Today's Date: February 27, 2021
Study: Staffing Industry Sees Gender Parity but Wide Pay Gap Still Persists   •   Casting Workbook Español Launched as Part of New Global Expansion Effort to Support Spanish Talent Worldwide   •   Western Union Foundation Supports Career & Leadership Pathways for Migrant and Refugee Youth   •   Children's Museums Mobilize to Serve Children and Families during COVID-19   •   Citizens for a Pro-Business Delaware Launches Mobile Billboard to Expose Racial Inequality in the Chancery Court   •   BANDIER Now Available on Amazon   •   Residents of Market Street Memory Care East Lake Celebrate their 2nd Annual Market Street Winter Olympic Games   •   Trust the Leader in Online School: Insight School of Kansas Accepting Enrollments for 2021-2022 School Year   •   BlackNorth Initiative's Dahabo Ahmed-Omer Earns Inaugural Business Changemakers Award From the Globe and Mail’s Report on   •   Cloud Girls Extends Nomination Deadline for Sixth Annual 'Women to Watch' Awards   •   AARP Members Frustrated with Pennsylvania's COVID-19 Vaccine Distribution Efforts, Survey Shows   •   Canada, British Columbia and Tlowitsis Nation Advance to Final Stage of Treaty Negotiations   •   New Study Reveals Baby Boomers Turning to International E-Commerce, but With Different Expectations Than Younger Consumers   •   Connie Stacey Wins The Forum’s 2020/21 Pitch for the Purse, $50,000 Prize   •   ChenMed Commits $100,000 to Address Issues Affecting Communities of Color   •   Lies Travel Faster Than Truth in New Peaky Blinders Card Game from Steamforged Games   •   During Texas Storm, New Haven Assisted Living Served Seniors   •   Trulieve Partners with the Thurgood Marshall College Fund to Provide College Scholarships   •   Vaquero Private Wealth Increases Its Dallas Presence With the Addition of The Maynard Group   •   NASA Celebrates 'Hidden Figure' Mary W. Jackson With Building Naming Ceremony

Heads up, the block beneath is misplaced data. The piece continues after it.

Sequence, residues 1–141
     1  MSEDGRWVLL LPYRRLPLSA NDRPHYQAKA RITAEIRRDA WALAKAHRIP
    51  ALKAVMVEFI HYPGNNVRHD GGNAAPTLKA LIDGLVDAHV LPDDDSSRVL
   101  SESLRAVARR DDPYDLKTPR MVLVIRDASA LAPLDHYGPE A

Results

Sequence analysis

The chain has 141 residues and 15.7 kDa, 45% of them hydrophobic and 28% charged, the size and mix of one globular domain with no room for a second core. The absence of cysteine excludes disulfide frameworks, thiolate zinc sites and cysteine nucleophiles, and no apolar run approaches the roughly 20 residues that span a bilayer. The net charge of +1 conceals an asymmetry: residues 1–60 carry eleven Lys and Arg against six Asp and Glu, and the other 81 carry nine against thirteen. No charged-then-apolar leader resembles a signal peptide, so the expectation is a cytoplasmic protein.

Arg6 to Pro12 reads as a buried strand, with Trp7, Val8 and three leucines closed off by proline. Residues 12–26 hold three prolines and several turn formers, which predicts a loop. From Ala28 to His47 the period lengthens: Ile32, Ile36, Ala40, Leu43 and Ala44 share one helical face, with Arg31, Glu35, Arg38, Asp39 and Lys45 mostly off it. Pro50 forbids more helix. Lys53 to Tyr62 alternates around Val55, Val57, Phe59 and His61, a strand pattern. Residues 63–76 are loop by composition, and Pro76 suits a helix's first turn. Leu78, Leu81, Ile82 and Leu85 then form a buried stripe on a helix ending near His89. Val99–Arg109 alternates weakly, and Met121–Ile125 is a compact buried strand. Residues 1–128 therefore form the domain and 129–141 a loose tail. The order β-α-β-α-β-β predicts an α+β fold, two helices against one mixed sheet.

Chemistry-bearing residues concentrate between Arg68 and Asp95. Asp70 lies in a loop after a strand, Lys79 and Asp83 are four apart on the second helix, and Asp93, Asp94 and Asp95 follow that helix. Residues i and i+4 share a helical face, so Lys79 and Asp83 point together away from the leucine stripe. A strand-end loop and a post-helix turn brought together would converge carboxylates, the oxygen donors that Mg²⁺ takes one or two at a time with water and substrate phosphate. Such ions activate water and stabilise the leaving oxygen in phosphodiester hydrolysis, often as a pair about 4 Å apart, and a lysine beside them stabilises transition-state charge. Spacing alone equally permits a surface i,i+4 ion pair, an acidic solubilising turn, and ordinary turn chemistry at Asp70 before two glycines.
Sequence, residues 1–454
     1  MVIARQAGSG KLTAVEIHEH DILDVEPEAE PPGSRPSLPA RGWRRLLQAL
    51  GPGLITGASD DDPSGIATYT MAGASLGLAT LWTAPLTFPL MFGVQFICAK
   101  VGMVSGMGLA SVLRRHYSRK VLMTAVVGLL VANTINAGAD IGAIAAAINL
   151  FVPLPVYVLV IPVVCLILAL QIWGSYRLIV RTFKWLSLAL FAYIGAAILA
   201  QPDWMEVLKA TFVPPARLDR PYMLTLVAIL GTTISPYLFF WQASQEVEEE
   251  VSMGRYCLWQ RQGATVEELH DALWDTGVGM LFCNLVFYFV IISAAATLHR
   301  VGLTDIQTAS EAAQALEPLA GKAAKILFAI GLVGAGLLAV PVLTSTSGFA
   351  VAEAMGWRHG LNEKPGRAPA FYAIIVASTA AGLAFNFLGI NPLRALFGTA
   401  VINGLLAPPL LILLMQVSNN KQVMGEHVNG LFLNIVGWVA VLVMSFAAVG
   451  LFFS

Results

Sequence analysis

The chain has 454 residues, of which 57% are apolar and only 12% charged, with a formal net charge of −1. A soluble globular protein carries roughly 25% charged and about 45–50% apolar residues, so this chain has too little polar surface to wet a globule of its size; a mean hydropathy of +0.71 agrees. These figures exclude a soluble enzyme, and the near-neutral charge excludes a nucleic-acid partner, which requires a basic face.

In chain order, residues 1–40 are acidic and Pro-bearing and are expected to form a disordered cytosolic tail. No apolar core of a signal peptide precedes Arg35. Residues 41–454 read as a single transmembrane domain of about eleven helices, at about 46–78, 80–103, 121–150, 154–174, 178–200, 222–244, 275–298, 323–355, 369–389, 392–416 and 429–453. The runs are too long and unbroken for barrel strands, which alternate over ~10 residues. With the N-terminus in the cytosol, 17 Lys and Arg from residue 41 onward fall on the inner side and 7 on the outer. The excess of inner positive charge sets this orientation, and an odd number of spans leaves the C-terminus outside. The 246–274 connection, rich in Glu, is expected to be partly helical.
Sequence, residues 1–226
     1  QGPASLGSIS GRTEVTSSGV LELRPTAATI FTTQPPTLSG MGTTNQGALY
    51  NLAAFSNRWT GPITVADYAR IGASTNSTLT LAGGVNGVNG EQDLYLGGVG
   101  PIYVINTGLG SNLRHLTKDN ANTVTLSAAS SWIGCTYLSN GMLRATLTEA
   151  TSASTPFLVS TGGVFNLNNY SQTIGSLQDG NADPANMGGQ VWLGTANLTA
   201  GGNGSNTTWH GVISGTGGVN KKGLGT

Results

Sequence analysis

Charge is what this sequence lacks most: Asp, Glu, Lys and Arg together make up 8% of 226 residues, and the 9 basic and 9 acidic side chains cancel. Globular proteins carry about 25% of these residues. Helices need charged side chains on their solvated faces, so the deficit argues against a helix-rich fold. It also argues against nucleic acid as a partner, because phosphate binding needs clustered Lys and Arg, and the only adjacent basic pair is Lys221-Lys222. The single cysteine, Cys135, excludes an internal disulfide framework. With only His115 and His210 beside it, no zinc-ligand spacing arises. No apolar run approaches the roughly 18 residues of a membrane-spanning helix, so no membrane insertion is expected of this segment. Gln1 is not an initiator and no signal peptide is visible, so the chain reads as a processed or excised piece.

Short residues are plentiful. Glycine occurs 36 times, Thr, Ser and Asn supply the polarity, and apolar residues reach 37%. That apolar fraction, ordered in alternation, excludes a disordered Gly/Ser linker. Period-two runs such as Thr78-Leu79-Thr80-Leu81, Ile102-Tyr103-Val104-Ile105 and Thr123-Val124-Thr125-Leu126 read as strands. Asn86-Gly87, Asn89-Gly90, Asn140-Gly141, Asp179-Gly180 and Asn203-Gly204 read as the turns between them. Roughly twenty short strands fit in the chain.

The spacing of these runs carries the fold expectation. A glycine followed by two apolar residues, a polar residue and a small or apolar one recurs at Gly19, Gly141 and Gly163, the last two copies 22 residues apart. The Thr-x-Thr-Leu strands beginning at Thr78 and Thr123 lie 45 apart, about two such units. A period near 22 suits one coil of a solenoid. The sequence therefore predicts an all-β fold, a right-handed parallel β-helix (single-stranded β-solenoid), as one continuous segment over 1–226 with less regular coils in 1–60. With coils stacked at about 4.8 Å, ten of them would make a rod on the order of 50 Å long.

Bookmark and Share

First Lady Brings Native American Kids To Garden

WASHINGTON - Guests at this week's White House state dinner will dine on lettuce and other veggies from the first lady's garden.

Michelle Obama invited a group of Native American children to her plot to help plant what are called the "three sisters" — corn, beans and squash. They also harvested vegetables that were planted two months ago, and some of that will be used tomorrow.

Planting corn, beans and squash together apparently is good all around: the corn gives the beans something to grow on, the beans provide nitrogen for the soil and the squash blocks sunlight and prevents weeds.

Last week, Mrs. Obama focused her anti-obesity campaign on Native Americans. The White House says 1 in 3 Native American children are overweight or obese by age 5.


STORY TAGS: Native American News, Indian News, Native News, Minority News, Civil Rights, Discrimination, Racism, Diversity, Racial Equality, Bias, Equality

Video

White House Live Stream
LIVE VIDEO EVERY SATURDAY
Breaking News
alsharpton Rev. Al Sharpton
9 to 11 am EST
jjackson Rev. Jesse Jackson
10 to noon CST


Video

LIVE BROADCASTS
Sounds Make the News ®
WAOK-Urban
Atlanta - WAOK-Urban
KPFA-Progressive
Berkley / San Francisco - KPFA-Progressive
WVON-Urban
Chicago - WVON-Urban
KJLH - Urban
Los Angeles - KJLH - Urban
WKDM-Mandarin Chinese
New York - WKDM-Mandarin Chinese
WADO-Spanish
New York - WADO-Spanish
WBAI - Progressive
New York - WBAI - Progressive
WOL-Urban
Washington - WOL-Urban

Listen to United Natiosns News